Project LEO passes second Innovate UK Milestone

Allowing project to progress to next stage of delivering a smarter energy system in Oxfordshire

 Testing demand side response at the University of Oxford’s Sackler Library Building (Year 1 Trial, Project LEO)

Testing demand side response at the University of Oxford’s Sackler Library Building (Year 1 Trial, Project LEO)

Project LEO (Local Energy Oxfordshire) brings together significant local, academic and industry experience and expertise, to undertake one of the most wide-ranging and holistic 'smart grid trials' ever conducted in the UK. The £40m project, led by Scottish and Southern Electricity Networks (SSEN), is trialling how renewable energy technologies such as hydro, wind and solar, can be enabled to contribute flexibly to meeting electricity demand at a local level.

In the first of its three years, project partners have designed and developed trials that allow the controlled management and monitoring of specific low-carbon technologies’ impact on the electricity network and how they can contribute to the network during, for example, periods of peak demand. The flexibility trials that have been completed so far, tested a range of scenarios that the UK will likely experience in the transition to a smarter electricity system.

The trials conducted in Year 1 utilised assets situated in Oxfordshire and included: the Oxford Bus Company battery (testing electrical storage), Sandford Hydro Lock (as a flexible generation asset) and the University’s Sackler Library Building (testing demand side response, pictured).

These trials will continue to be developed throughout the project, in an increasingly large and more complex fashion. Year 1 trials have been conducted using the Lean Ecosystem Transition / Minimum Viable System (MVS) approach, developed and led by Professor Malcolm McCulloch and Dr Scot Wheeler of the University of Oxford's Energy and Power Group, which provides a fast, agile and iterative framework to develop new services and systems, along with the associated business models capable of disrupting existing markets and unlocking new value potential.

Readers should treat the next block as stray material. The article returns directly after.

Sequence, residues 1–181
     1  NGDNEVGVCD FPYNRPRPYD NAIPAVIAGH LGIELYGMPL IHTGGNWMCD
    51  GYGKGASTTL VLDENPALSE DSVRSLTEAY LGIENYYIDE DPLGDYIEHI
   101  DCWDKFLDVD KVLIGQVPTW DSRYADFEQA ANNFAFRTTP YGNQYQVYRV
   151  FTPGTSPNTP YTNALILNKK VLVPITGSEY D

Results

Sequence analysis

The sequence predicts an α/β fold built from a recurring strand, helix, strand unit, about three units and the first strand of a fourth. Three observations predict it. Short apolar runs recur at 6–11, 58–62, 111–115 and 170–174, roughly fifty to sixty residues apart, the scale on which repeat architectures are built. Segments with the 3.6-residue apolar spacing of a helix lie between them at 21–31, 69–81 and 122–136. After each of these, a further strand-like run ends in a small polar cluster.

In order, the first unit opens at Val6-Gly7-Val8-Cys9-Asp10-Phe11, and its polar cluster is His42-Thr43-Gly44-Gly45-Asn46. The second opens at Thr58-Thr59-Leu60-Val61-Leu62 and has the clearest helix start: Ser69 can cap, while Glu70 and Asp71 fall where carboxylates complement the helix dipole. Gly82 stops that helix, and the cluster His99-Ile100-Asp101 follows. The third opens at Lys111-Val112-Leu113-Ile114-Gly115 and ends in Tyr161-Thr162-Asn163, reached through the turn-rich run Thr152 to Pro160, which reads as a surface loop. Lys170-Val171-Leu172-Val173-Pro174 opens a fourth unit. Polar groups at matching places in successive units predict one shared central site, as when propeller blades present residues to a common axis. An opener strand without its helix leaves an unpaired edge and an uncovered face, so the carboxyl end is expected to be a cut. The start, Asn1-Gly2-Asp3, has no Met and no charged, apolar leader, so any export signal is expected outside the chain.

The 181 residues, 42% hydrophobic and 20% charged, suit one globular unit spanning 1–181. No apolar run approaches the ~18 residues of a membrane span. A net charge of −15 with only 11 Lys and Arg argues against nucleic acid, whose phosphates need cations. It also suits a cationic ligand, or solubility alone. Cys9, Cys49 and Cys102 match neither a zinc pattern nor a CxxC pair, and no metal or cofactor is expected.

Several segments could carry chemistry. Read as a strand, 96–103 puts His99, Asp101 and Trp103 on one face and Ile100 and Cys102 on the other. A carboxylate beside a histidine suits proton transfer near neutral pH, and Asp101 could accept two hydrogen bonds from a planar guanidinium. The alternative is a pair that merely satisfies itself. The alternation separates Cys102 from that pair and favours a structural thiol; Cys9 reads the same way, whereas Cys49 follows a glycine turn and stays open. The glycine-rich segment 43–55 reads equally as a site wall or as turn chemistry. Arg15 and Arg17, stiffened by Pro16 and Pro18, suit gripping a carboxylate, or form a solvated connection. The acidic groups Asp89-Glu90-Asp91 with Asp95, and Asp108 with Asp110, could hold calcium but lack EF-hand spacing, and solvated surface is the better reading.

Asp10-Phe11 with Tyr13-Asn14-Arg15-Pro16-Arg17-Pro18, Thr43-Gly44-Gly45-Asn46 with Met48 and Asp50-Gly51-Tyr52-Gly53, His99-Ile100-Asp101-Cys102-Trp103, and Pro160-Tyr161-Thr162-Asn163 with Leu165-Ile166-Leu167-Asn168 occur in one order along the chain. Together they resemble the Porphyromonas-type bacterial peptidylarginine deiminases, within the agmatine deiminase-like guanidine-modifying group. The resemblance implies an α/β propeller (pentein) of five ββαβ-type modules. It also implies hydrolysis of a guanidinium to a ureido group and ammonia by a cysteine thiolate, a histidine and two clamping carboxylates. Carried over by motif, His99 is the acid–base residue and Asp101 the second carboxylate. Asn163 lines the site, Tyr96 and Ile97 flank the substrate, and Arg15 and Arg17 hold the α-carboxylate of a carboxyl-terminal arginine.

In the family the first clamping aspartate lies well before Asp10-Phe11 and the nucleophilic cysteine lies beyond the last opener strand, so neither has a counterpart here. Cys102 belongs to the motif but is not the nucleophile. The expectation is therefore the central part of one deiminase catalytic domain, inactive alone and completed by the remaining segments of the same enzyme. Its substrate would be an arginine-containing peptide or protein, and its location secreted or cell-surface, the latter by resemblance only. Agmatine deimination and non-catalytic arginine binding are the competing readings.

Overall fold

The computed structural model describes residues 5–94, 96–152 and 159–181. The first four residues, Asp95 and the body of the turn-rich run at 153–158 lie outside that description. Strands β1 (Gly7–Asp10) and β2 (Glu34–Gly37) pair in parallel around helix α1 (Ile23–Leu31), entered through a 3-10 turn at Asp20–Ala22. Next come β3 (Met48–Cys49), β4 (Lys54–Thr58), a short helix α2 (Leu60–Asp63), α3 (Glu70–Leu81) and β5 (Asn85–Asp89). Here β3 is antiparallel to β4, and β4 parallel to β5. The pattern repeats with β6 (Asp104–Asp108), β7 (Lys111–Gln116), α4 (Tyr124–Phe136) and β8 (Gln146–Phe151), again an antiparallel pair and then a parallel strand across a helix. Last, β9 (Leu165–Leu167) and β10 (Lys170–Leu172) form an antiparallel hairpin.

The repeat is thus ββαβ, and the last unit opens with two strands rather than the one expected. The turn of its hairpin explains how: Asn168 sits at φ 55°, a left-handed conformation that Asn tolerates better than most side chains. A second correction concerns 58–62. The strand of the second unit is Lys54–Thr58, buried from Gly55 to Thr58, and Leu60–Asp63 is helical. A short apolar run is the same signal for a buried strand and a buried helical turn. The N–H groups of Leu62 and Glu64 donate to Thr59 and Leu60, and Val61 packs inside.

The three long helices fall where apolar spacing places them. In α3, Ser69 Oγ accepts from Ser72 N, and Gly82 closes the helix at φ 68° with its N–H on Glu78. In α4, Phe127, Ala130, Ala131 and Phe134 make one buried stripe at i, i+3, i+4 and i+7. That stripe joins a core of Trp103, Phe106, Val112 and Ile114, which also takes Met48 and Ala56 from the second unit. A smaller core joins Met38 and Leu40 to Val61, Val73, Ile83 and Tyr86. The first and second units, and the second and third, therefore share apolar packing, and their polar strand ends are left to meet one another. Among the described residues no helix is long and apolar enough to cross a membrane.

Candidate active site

Department of Engineering Science researchers, led by Principal Investigator Professor Malcolm McCulloch, are working closely with Project Partners (including Dr Sarah Darby and Dr Nicholas Banks of the Environmental Change Institute) to identify and develop the next phase of MVS trials to be undertaken in Year 2 of the project, whilst establishing the required processes to collect, store and process project data regarding multi-vector energy services and user involvement which is required to successfully operate a smart flexible local energy system.

Following an assessment of the first year of the project, Innovate UK announced in May that LEO’s project partners have successfully demonstrated strong progress, evidenced through a comprehensive assessment submission for the first year. Passing this assessment allows Project LEO to go on to develop larger energy trials, building on its learning. The project is aiming to develop the tools to support the development of a local energy market in Oxfordshire and a model that can be replicated in other parts of the country.

Department of Engineering Science researchers involved in Project LEO include: Professors Malcolm McCulloch, David Wallom and Paul Goulart, supported by a team of Research Associates including Dr Scot Wheeler, Dr Avinash Vijay, Dr Masao Ashtine and Dr Fillippo Fabiani. For more information on the project please visit the project website or contact the Energy & Power Group's Senior Research Manager, Vicky Grant.